This woman is going to go far in her career. Shoot, she should have been farther along by now anyway, Irwin mused as he returned to his swivel desk chair.

Even now he could recall how often Tabitha had gotten passed over for promotions and special projects over the years based on either her gender or her race. Sometimes both.

Unable to sit back and watch her get passed over again, Capt. Meacham had used every connection he had, both professional and private, to push for this latest promotion. He’d finally gotten it when he reminded the powers that be that Tabitha was one of the best in their line of work and had a spotless record on the field and off the field. That another oversight of a fine officer like her would no doubt bring speculation into the fairness of their hiring practices. That last thing had been the zinger.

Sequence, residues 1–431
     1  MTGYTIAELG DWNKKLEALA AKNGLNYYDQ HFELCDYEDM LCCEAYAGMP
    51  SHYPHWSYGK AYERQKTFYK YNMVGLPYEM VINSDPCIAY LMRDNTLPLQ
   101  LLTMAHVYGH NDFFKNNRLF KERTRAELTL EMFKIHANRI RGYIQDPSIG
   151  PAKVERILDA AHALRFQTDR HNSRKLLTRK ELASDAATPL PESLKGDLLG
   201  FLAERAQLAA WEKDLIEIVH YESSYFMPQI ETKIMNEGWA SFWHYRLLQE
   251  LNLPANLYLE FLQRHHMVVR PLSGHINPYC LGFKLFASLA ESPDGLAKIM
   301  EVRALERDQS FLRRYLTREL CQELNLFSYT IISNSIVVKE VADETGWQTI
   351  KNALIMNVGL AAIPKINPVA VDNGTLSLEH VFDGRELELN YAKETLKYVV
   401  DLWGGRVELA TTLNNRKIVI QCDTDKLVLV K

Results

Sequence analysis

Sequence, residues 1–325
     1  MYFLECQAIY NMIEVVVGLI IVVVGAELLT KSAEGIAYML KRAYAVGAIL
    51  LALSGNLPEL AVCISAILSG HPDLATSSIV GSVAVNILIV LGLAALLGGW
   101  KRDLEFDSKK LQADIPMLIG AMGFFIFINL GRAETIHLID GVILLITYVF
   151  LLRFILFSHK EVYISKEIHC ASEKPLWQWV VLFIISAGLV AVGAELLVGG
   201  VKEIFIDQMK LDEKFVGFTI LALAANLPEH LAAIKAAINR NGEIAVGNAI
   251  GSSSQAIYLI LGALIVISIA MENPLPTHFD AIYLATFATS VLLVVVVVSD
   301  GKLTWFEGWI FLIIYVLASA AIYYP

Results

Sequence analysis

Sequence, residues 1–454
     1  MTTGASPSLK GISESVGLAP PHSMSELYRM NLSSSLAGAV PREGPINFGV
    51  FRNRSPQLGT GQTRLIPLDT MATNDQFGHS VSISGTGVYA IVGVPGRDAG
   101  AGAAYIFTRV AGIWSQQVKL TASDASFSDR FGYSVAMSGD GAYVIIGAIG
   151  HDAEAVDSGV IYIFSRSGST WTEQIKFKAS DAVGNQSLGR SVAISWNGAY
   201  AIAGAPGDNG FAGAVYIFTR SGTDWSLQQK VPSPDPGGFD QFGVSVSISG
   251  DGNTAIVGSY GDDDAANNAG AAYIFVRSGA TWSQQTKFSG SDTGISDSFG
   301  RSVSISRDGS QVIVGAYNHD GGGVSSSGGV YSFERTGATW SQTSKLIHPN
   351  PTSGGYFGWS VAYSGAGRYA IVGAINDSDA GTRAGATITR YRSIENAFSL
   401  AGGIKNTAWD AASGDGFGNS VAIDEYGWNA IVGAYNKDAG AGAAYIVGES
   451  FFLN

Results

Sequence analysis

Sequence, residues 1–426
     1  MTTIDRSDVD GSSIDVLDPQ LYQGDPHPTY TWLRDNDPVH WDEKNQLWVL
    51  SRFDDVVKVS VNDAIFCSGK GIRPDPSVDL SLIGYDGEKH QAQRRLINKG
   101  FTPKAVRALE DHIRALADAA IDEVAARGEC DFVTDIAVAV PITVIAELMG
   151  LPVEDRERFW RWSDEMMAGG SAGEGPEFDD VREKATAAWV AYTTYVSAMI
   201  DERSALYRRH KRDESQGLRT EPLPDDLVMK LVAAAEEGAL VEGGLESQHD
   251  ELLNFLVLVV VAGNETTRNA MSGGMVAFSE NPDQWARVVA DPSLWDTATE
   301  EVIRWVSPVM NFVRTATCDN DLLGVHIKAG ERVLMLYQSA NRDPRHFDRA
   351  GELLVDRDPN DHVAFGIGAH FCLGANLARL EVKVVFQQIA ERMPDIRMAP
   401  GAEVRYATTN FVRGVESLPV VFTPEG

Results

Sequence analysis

Capt. Meacham had been relieved when the promotion finally went through. Yet he was not pleased that it had taken so much effort and that the budget for Tabitha’s training had been compromised. It was as if they’d deliberately held back just enough to boast that they still hadn’t given her exactly what she wanted, exactly what she deserved.

I don’t know why Tabitha hasn’t left this backwards city by now, Irwin mused. Why she seems so committed to seeing it change for the better.

Capt. Meacham would have been long gone by now if the same odds had been stacked against him time and time again. Especially if he’d seen some of the same people he’d started out with advance ahead of him. Not because they were better, but strictly because they were of different genders and of different cultural backgrounds.

I would’ve skedaddled just like her old partner did, Irwin thought, reminded of Sebastian Armstrong.